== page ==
Citing First Amendment, 4th Circuit reverses conviction for retired Air Force officer's use of N-word
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A federal appeals court has reversed the conviction of a white retired Air Force lieutenant colonel who used the N-word while complaining about a Black store employee who asked whether he needed any help.
“If I called her a n- - - -r, would she still say good morning?” the retired officer had said.
The 4th U.S. Circuit Court of Appeals at Richmond, Virginia, ruled Tuesday that Jules A. Bartow’s speech was protected by the First Amendment, and he could not be convicted for using “abusive language.”
The First Amendment allows a conviction only when language has a direct tendency to cause immediate acts of violence by the person to whom it was addressed, the appeals court said. Under the facts of the case, that “fighting words” exception to free speech protections did not apply, the court concluded.
“Over the decades,” the appeals court said, the U.S. Supreme Court “has repeatedly determined that the First Amendment places considerable limits on the criminalization of speech. We must abide those limits, even if that means, as it does here, that shameful speech escapes criminal sanction.”
Judge Diana Gribbon Motz, an appointee of former President Bill Clinton, wrote the unanimous opinion. Other judges on the panel were Judge Stephanie Thacker, an appointee of former President Barack Obama; and Judge A. Marvin Quattlebaum Jr., an appointee of Obama.
The court described what happened in November 2018, reconstructing the verbal exchange based on the testimony of witnesses.
Bartow was at the Quantico Marine Corps Exchange to shop for boots. A Black employee, Cathy Johnson-Felder, approached Bartow and said, “Good morning. May I help you?”
Bartow responded: “If I had indigestion, diarrhea or a headache, would you still address me as good morning?”
Johnson-Felder froze in shock but tried again.
“Can I help you, sir?” she asked.
Bartow replied: “I’m not a sir—I’m not a male, I’m not a female, if I had a vagina, would you still call me sir?”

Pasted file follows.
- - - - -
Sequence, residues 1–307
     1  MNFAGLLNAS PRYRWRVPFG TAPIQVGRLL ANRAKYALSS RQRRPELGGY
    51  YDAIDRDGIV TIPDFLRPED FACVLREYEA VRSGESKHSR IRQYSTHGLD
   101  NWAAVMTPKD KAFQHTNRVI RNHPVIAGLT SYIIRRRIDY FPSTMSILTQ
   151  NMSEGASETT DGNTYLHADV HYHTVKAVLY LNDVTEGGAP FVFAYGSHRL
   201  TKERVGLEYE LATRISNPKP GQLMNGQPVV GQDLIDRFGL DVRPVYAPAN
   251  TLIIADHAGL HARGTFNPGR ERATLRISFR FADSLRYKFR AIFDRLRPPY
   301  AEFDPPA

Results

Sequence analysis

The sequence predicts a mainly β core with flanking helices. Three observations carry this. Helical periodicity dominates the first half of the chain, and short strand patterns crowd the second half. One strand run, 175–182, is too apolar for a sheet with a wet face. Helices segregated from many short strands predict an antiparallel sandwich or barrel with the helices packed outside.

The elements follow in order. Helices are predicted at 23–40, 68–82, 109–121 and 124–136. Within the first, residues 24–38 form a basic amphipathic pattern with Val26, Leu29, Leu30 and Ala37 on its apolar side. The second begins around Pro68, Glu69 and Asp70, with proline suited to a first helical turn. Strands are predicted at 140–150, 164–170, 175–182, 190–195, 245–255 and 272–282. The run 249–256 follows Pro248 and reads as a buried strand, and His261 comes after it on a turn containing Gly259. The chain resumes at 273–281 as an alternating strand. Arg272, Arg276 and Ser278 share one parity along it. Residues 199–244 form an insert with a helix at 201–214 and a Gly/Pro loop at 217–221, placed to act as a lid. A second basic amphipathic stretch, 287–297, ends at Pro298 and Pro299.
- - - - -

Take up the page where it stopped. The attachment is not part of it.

Bartow’s raised voice drew the attention of a white uniformed Marine lieutenant colonel, who began a conversation with Bartow. Both men gestured at each other with pointed fingers, even as they continued to try on boots.
An onlooker, a Black man in civilian clothes, told Bartow that employees say “sir” or “ma’am” because they are purchasing merchandise at a military installation.
Bartow replied: “If I called her a n- - - -r, would she still say good morning?”
Vicki Herd, a store security officer, was called. She observed a heated conversation between Bartow and the Marine lieutenant colonel. Herd moved between the two men and then escorted Bartow out of the store. Base security officers arrested him.
The 4th Circuit said Bartow’s remarks were “offensive and bizarre,” and their meaning was difficult to discern. Bartow’s briefs suggested that his remarks reflected discomfort with gender labels and sex stereotypes. He argued that he used the slur because it can be just as offensive to be called the N-word as it for a transgender person to be misgendered.
The 4th Circuit noted that the N-word is “pure anathema to African Americans.” The epithet “is so loaded with a legacy of slavery and racial hatred that it is inextricably linked with prejudice and hostility toward African Americans,” the court said.
The slur would qualify as “fighting words” that could be prosecuted under the leading 1942 Supreme Court case defining fighting words not subject to First Amendment protection, Chaplinsky v. New Hampshire, the appeals court said.
But in the decades since the 1942 decision, the Supreme Court has imposed so many limitations on the “fighting words” exception that it has not since upheld a conviction under the doctrine.
Among the limitations are that the fighting words must be clearly directed at the person who hears them, and that the utterance must be likely to provoke an immediate violent reaction by the person addressed or by a reasonable person in that person’s position.
In Bartow’s case, his series of rhetorical questions didn’t provoke anyone, and the government didn’t prove that it was likely to do so, the appeals court said.
“The ugly racial epithet used by Bartow undoubtedly constituted extremely ‘abusive language,’” the appeals court said. “But because the government failed to prove (or even to offer evidence) that Bartow’s use of this highly offensive slur tended to cause immediate acts of violence by anyone, his conviction cannot stand.”